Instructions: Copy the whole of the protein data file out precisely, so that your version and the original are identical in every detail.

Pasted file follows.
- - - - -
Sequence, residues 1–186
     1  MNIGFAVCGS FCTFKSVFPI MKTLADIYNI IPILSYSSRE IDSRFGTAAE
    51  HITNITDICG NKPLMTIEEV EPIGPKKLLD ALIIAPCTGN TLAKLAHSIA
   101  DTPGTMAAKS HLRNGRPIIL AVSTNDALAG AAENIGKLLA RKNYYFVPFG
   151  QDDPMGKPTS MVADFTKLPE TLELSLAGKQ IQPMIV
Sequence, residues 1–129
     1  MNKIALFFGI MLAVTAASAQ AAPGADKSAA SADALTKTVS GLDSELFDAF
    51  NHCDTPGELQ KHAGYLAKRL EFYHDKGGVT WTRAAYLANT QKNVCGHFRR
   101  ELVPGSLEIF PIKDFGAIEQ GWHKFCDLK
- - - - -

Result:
Sequence, residues 1–186
     1  MNIGFAVCGS FCTFKSVFPI MKTLADIYNI IPILSYSSRE IDSRFGTAAE
    51  HITNITDICG NKPLMTIEEV EPIGPKKLLD ALIIAPCTGN TLAKLAHSIA
   101  DTPGTMAAKS HLRNGRPIIL AVSTNDALAG AAENIGKLLA RKNYYFVPFG
   151  QDDPMGKPTS MVADFTKLPE TLELSLAGKQ IQPMIV
Sequence, residues 1–129
     1  MNKIALFFGI MLAVTAASAQ AAPGADKSAA SADALTKTVS GLDSELFDAF
    51  NHCDTPGELQ KHAGYLAKRL EFYHDKGGVT WTRAAYLANT QKNVCGHFRR
   101  ELVPGSLEIF PIKDFGAIEQ GWHKFCDLK